The History of the Turf Houses in the Faroe Islands and Iceland

The tradition of building houses with turf roofs in the Faroe Islands and Iceland dates back to the Viking Age. These architectural structures are the result of the climate on these islands, the requirements of the Norse society that settled them during the early Middle Ages, and last but not least of the local environmental resources.

At the time of the Norse settlement in both the Faroese archipelago and Iceland (in the Faroes sometime between the 9th century to the 10th century, while in Iceland as early as 874), these islands were not that forested, which is why the Scandinavian settlers needed to cope with the challenge of building durable homesteads mainly out of turf.

Traditional turf houses in Iceland. Image source: www.pinterest.com

Traditional turf houses at Bolungarvík, north-western Iceland. Image source: www.pinterest.com

In early medieval Norway, there were also turf roofed houses, and so the building process was not unknown to the Norse settlers who inhabited Iceland and the Faroe Islands in the Viking Age. However, because of the fact that roughly 30% of Iceland was covered by forests at the time of the arrival of the first Norwegian settlers — most of the wood being birch — they had to think inventively so as to preserve resources.

Burstabær style turf houses at the Glaumbær Museum in Iceland. Image source: www.pixabay.com

Burstabær style turf houses at the Glaumbær Museum in Iceland. Image source: www.pixabay.com

Birch was as such saved for farming, and while oak was preferred in early medieval Scandinavia for the construction of the halls, in these remote islands it had to be turf, which was to be found in abundant amounts. Quite commonly, the turf houses in Iceland would have a foundation made entirely of flat stones, and upon it a wooden frame would hold the burden of the turf on the roof (which could also contain some grass).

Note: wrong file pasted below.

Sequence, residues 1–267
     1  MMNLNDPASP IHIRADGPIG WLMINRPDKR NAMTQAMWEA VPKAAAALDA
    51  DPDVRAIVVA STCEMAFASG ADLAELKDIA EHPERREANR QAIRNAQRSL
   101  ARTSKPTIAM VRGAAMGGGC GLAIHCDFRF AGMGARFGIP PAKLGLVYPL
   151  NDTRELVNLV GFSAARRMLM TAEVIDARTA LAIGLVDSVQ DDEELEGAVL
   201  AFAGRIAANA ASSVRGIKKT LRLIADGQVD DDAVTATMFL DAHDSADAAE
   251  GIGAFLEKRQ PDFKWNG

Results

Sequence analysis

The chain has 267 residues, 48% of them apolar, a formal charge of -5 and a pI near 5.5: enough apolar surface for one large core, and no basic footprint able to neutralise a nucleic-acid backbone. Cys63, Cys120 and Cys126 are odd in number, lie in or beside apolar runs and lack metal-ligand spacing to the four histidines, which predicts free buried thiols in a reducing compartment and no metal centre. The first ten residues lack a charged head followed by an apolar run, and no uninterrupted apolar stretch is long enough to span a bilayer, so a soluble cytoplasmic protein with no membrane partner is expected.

The only additional use of wood in these constructions would be focused on the door, which was often decorative. The door led to the hall where, usually, a great fire was lit. The floor could have been made of either earth, stone or wood, evidently depending on the purpose of the structure.

A picturesque turf house from the Faroe Islands

A picturesque turf house from the Faroe Islands. Image source: www.pixabay.com

Some of the traditional Icelandic turf houses were submitted to UNESCO as World Heritage Sites in 2011. In the Faroe Islands, the Roykstovan farmhouse located in the very small village of Kirkjubøur, on the Streymoy island, is Europe’s oldest inhabited wooden house.

The Roykstovan turf house at Kirkjubøur, Streymoy, Faroe Islands. Image source: www.pinterest.com

The Roykstovan turf house at Kirkjubøur, Streymoy, Faroe Islands. Image source: www.pinterest.com

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